Professor John Searle wrote:
Computers have, literally, no intelligence, no motivation, no autonomy, and no agency.
We design them to behave like they had certain sorts of psychology. Still, there is no psychological reality to the corresponding processes or behavior. … The machinery has no beliefs, desires, or motivations.
We “broke” the Berkley professor’s theory and reached a point where we talk about computers being able to learn—being able to analyze, being able to feel, listen and make assumptions. Humankind is on the verge of computers being able to beat estimated human brain processing capacity. Superintelligence is here! We did it!
Or did we?
Superintelligence is the main problem here.
Given that machine does have enough data, it would be undeniable that it would predict human behavior with frightening efficiency.
Just for the sake of discussion, I am assuming that that AI would be emotionally and creatively intelligent, which is an extreme assumption, and highly unlikely in this case.
But let us stick with it.
I will also assume that this AI will be compliant with Isak Asimov’s Three Laws of Robotic where he states that:
- A robot may not injure a human being or, through inaction, allow a human being to come to harm
- A robot must obey the orders given by human beings except where such orders would conflict with the First Law.
- A robot must protect its existence as long as such protection does not conflict with the First or Second Law.
And future added Zeroth Law: A robot may not harm humanity, or, by inaction, allow humanity to come to harm.
All these assumptions might look like the super-utopian future waits for us.
But does it?
We are missing one key component here—one variable in the matrix of Life and the critical variable.
Humankind is not perfect. It is as far from perfect as it can be. Most of us are taught since we were born to set our moral compass in the right direction.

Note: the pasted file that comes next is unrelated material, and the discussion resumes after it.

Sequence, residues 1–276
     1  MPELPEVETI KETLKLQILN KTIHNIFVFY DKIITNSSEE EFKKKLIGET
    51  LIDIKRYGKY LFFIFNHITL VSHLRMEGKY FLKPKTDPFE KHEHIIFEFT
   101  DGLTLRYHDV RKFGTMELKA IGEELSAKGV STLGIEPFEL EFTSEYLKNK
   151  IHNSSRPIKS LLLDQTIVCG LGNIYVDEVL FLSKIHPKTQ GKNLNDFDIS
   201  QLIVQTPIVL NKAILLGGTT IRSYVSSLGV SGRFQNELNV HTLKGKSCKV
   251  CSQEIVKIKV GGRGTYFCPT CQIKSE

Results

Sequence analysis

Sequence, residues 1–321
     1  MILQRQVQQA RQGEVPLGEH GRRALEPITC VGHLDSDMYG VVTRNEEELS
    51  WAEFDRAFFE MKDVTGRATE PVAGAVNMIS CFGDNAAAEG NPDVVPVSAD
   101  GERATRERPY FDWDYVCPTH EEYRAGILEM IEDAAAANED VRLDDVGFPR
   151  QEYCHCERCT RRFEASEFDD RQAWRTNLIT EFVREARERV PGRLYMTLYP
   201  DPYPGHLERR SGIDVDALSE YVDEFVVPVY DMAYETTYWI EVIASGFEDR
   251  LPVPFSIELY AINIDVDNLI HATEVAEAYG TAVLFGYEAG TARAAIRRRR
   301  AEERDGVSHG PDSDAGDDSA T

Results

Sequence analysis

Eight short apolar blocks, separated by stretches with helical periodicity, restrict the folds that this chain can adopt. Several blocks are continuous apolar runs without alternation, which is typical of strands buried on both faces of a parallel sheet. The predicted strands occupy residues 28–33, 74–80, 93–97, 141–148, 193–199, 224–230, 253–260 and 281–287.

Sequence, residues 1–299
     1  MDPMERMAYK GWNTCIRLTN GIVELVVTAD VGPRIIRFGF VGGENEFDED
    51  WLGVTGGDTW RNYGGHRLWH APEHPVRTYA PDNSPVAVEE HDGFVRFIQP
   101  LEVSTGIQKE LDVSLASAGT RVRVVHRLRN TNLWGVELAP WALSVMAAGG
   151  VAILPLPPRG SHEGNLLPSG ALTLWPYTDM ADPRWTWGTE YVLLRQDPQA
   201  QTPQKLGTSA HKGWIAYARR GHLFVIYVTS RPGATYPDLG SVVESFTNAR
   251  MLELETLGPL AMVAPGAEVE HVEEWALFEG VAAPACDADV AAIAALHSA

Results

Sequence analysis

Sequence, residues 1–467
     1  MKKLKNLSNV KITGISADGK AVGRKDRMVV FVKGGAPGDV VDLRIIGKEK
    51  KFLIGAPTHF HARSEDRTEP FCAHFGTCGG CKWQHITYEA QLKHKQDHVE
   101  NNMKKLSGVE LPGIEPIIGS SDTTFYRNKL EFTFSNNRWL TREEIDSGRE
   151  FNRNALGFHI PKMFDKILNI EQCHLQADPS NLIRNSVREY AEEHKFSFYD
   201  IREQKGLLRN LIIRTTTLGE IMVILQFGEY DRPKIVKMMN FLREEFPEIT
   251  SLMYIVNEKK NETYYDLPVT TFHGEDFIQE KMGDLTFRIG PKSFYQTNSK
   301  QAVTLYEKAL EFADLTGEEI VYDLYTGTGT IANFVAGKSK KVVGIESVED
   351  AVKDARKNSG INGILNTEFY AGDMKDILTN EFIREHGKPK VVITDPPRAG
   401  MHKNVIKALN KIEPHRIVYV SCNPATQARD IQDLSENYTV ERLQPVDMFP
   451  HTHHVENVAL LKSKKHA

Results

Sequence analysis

But morals vary. The moral is not a constant. Moral norms change over time.
Without going deep into religion, we can set roots of those norms in few statements:
- honor your parents
- do not commit murder
- do not steal
- do not be the envious one
Yet, humankind did this, and it is doing this for thousands and thousands of years.
Humans started wars over adultery. Humans started wars over greed.
For power. For religion.
How can we make a machine that will obey our moral norms when we are not able to. Will that AI “sit in the corner” of some data center and wait for us to disobey precisely what we thought them to do? We will expect that machines will not harm us, but we can harm another human being.
But can we?
We understood what electricity is and how to make it; we learned how to harness steam power; we learned how to fly. But in this process of making all these amazing discoveries, we forgot our moral guidelines. Not all of us, but a minority of us, decided to be above those norms.
We created machines to replace humans in menial jobs. And humankind has its ways to turn best discoveries to disrupt and work against itself.
We are using machines to harm another human; we are using machines to increase profit. We are using machines to control others.
We spent decades learning machines equipped with a camera and small chips to differentiate between concrete and tree.
We call it a guided air-ground missile.
We spend decades trying to teach machines how to fly, to understand aerodynamic. Then we put those smaller machines under their wings.
We call them drones.
We used those machines in exact contradiction of what we want them to be now.